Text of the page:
Brianne went further, ignoring the “voice of reason” until she found two packaging providers ready to experiment with sustainable wrapping.


It turned out that earth-friendly compostable packaging surprisingly costs 10-25 times more than plastic equivalents. Ethique went for it because clearly stated values closed the path of compromises.


From the date of launch, the company prevented over 8 million plastic bottles from being made and thrown away. So much has changed in almost a decade, but sustainability is still in the brand's core.


Their ingredients remain cruelty-free and vegan, palm oil free, ethically and fairly sourced. They still pay staff a living wage, donate 20% of profits to charity. They are still 100% plastic-free.


4. Personality

If Ethique walked into the room now, what words would you use to describe the brand? It would be a young woman since a young woman initially created the products, and the brand's audience is, in large part, female.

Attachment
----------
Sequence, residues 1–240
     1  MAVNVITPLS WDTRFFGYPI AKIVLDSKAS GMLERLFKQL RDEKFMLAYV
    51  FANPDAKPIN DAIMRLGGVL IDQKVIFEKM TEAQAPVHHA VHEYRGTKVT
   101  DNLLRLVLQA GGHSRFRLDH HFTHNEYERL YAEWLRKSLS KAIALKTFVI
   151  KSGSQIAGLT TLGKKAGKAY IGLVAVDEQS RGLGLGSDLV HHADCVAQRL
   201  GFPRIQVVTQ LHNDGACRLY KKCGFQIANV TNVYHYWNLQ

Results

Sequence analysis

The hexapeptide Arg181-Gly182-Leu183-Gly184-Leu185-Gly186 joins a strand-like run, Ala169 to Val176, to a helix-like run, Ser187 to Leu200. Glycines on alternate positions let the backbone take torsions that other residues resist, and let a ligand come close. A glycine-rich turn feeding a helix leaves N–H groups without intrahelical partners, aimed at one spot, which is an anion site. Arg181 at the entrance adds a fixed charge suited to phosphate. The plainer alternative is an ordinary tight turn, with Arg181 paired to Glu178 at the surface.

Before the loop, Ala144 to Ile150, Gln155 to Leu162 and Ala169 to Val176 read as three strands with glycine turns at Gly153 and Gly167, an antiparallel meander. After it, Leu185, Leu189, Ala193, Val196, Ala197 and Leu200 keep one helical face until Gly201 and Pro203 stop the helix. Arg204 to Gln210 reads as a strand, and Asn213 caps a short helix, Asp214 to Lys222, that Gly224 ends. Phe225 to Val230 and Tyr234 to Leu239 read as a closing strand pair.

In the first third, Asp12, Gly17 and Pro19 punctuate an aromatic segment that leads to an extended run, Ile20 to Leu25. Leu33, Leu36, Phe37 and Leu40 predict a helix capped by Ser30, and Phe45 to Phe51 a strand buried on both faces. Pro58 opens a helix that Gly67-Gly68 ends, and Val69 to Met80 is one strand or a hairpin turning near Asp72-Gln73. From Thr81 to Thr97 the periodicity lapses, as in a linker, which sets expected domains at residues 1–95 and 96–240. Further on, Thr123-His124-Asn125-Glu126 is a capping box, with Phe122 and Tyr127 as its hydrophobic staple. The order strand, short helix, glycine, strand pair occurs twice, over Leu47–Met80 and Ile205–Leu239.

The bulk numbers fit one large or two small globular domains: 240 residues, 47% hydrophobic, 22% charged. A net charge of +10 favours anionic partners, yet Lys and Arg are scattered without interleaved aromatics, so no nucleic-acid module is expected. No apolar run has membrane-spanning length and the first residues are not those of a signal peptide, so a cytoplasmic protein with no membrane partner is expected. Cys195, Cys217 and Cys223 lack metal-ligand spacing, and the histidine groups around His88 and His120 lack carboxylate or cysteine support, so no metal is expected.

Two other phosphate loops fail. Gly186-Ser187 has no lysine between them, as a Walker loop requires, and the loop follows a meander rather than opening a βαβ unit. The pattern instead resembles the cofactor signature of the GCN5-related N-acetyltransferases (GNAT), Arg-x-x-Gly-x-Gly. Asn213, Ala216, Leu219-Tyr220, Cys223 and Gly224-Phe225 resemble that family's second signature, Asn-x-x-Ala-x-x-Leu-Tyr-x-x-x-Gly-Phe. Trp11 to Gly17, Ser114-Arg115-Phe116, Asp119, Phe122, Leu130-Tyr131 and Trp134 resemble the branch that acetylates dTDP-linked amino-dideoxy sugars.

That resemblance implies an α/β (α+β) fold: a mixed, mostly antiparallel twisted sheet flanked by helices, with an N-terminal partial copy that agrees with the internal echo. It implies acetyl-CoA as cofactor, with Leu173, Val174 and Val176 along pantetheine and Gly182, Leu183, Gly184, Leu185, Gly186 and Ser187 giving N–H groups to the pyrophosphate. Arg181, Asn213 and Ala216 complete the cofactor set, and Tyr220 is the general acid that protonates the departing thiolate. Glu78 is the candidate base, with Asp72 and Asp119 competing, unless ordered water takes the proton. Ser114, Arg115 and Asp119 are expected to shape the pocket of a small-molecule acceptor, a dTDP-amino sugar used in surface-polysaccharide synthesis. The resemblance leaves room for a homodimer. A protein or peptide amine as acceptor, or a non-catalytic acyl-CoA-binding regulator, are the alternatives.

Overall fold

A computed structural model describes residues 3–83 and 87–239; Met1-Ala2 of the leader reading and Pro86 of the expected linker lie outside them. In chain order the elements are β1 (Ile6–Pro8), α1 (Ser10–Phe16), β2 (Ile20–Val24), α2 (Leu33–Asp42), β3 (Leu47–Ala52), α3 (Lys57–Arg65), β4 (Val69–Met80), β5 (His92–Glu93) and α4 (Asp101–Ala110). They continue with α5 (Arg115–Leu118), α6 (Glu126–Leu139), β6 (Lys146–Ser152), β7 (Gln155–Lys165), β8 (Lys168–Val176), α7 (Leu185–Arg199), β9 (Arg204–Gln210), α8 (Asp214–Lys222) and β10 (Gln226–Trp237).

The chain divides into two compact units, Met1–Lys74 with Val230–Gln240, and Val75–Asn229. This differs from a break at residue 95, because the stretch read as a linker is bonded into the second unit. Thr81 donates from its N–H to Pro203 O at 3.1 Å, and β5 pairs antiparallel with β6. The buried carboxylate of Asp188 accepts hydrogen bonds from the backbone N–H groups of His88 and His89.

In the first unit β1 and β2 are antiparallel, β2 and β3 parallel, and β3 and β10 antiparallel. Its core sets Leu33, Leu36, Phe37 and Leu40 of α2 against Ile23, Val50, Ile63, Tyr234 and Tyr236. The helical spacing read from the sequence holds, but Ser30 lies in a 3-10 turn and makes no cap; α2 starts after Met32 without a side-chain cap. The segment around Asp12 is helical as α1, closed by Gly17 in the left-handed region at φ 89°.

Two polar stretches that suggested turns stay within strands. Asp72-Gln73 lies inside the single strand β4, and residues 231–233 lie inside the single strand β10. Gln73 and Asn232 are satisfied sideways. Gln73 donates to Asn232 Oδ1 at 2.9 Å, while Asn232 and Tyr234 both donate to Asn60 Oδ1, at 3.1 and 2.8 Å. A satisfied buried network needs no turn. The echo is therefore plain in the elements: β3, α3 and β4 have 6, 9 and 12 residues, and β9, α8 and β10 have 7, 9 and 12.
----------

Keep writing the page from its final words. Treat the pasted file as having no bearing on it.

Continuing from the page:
It would be the one who doesn't afraid to fight for what she believes in. She advocates for the environment and views her professional development through the lens of environmental health. That's more than a rhetorical stand — she leads the community and knows how to redefine people's relationship with the planet and its natural systems. The first steps have already been taken. The further away, the greater the shift. That's a personality that gives, rather than takes, demonstrates consistent behavior and actions.

She would be a woman not of words but of actions. Ethique is innovative, but you'll barely find the word 'innovative' on its website. It revolutionized the cosmetics industry by the solid formulas, but you can sooner learn it from journalist reports than from the brand's official communications. Ethique doesn't show the words. It invests money to make them true and show the facts, enabling people to make their own conclusions.


What the brand tells you is the minimal amount of messages. Ethique makes solid cosmetics and solid marketing as well. Where some brands create new and new ever-changing slogans, creating chaos in consumers' minds, Ethique creates a very clear image of itself.